Democrats Have Huge Lead Over Republicans in Vote-By-Mail Enrollment in Florida

joe biden nikki fried

Photo provided by Nikki Fried. Used with permission.

For years, Republican voters in Florida have requested mail-in ballots in large numbers, with about thirty percent of their general election turnout voting by mail, benefitting the get-out-the-vote efforts of Republican campaigns, a critical tactic in America’s largest and most consequential swing state.

In 2020, however, the advantage appears to be shifting left, with Florida Democrats outpacing Republicans in mail-in ballot enrollments by a stunning margin of more than 300,000, per a new report in Politico.

While Florida Democrats have been increasing their efforts to encourage both their most ardent supporters and new or infrequent voters to sign up for to vote by mail, they appear to have been aided by an unlikely source: President Donald Trump, who has been very vocal about his thoughts about the risk of election fraud from mail-in ballots.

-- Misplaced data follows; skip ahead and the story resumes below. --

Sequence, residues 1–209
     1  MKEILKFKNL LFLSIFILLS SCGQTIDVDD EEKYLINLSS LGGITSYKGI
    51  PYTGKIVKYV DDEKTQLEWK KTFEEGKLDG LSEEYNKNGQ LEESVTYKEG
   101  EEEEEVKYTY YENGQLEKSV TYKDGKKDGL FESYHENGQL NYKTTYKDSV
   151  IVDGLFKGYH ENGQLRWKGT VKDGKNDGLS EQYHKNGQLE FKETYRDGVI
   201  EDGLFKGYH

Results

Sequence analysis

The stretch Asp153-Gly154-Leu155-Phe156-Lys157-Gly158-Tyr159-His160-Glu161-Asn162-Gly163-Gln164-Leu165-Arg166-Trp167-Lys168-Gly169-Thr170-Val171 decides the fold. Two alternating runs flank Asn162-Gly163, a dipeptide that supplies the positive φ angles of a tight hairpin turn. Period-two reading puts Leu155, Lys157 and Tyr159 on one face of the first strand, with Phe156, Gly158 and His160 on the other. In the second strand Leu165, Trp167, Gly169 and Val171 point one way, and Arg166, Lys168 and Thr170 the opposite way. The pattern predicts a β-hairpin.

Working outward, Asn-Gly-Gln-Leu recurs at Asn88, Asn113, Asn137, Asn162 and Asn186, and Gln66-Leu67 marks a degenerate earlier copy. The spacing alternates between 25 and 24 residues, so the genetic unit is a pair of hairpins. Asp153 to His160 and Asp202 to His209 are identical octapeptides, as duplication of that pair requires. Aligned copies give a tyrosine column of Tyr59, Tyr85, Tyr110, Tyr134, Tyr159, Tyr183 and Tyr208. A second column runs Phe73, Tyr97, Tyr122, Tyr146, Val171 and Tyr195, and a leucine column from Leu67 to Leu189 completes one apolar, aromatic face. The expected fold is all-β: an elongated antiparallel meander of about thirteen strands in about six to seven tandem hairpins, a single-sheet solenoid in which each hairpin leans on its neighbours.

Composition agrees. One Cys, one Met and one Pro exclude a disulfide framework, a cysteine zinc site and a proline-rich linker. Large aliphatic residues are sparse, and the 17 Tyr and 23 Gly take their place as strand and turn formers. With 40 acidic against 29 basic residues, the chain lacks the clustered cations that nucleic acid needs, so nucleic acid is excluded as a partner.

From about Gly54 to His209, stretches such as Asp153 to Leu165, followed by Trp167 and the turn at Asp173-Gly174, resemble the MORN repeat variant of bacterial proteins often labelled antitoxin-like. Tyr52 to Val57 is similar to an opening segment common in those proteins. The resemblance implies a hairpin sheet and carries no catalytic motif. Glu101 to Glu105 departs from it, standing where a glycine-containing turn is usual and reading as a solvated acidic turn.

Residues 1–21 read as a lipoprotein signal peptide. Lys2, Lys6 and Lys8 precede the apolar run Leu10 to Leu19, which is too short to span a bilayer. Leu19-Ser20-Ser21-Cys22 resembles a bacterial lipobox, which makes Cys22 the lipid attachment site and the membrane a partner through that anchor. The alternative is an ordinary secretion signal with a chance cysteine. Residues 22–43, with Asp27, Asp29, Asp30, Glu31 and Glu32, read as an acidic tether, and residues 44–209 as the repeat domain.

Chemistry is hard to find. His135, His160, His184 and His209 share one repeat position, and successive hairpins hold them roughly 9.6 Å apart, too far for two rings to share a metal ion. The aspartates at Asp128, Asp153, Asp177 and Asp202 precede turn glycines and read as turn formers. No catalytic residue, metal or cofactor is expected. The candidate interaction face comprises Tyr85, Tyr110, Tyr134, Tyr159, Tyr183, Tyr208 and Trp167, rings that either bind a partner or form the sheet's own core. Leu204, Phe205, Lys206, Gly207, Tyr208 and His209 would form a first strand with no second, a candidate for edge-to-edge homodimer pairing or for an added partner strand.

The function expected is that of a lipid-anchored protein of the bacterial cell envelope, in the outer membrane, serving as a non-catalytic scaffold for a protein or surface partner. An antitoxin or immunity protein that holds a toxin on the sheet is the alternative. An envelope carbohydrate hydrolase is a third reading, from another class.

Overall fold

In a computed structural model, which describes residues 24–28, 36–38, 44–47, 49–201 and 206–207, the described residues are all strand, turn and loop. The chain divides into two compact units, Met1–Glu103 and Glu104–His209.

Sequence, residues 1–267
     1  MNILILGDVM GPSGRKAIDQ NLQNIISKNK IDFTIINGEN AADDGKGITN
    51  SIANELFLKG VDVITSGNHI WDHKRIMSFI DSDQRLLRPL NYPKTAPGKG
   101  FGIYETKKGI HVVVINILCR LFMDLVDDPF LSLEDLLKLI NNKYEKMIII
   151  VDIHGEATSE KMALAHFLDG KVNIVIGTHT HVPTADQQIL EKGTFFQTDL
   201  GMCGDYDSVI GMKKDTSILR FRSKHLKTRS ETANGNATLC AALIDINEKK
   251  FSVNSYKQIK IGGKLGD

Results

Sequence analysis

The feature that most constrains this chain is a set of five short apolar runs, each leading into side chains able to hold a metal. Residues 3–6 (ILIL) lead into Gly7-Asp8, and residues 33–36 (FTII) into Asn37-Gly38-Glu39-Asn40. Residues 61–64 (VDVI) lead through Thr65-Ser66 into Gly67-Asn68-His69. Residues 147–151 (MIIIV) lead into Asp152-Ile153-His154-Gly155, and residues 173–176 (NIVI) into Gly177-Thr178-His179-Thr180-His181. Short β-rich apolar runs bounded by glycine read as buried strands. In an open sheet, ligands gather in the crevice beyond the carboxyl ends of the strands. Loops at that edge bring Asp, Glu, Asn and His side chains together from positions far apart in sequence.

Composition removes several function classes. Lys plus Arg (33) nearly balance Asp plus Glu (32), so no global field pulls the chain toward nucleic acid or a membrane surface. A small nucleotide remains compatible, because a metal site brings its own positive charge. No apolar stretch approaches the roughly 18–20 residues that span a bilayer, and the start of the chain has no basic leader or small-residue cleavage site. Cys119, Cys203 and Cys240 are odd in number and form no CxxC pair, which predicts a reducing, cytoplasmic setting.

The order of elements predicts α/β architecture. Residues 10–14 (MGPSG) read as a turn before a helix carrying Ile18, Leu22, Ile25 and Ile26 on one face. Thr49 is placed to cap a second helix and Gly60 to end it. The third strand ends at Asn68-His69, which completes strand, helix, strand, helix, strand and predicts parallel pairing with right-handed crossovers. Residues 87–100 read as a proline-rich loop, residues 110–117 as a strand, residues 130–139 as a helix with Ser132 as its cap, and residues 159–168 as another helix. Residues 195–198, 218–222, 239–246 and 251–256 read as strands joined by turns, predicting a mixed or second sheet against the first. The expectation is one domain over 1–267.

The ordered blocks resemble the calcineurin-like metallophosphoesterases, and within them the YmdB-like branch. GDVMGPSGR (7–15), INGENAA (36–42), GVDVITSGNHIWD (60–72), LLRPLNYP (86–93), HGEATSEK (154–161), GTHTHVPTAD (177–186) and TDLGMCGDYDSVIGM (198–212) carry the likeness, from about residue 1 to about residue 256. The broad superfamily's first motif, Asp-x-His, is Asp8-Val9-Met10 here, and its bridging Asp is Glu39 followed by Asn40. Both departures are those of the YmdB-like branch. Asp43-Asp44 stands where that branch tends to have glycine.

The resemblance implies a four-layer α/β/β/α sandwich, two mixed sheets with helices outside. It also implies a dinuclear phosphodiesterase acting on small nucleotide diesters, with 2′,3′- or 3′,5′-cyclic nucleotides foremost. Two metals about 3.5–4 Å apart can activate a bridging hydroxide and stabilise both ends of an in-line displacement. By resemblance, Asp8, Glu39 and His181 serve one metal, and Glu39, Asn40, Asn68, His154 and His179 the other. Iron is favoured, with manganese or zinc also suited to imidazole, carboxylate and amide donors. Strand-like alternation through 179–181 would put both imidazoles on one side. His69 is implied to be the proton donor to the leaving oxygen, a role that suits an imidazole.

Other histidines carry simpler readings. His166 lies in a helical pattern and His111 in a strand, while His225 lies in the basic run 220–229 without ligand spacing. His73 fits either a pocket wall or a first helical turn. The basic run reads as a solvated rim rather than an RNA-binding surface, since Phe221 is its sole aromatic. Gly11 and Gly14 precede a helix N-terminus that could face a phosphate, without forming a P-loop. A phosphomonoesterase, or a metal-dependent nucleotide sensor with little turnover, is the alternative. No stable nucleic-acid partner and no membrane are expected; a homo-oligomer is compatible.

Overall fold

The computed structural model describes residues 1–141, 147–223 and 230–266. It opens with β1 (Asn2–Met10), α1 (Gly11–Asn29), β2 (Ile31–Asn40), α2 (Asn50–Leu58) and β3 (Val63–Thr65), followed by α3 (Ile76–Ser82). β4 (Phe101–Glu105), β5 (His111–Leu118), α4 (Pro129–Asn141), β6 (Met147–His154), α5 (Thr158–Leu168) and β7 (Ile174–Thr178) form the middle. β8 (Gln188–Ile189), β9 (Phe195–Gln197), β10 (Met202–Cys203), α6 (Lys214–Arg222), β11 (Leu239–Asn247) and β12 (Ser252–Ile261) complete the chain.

Trump himself has publicly mused that mail-in ballots may doom his chances at re-election, but instead of trying to encourage his own voters to vote by mail, he’s done the opposite, and polls show his supporters have significantly soured on the idea of voting by mail.

As Politico reported, Trump has “increasingly railed against vote-by-mail, calling it rife with fraud,” despite the lack of evidence showing overall voter fraud, never mind just that restricted to mail-in ballots, has ever been on a large enough scale to affect a statewide or national election.

With the ongoing coronavirus pandemic raising concerns about the virus being transmitted among voters waiting in long lines at the polls, Democrats have been pushing for an expansion of early voting sites and mail-in ballots in a number of states, and the Republicans are spending big to thwart their efforts. Between the Republican National Committee and the Trump campaign, a $20 million war chest has been collected just for this litigation.

Even if the Democrats are unsuccessful in expanding early voting or getting mail-in ballot request forms sent to every registered voter (another recent proposal), the numerical reality of Florida’s electorate, and their own ground game may still lead to a victory in November.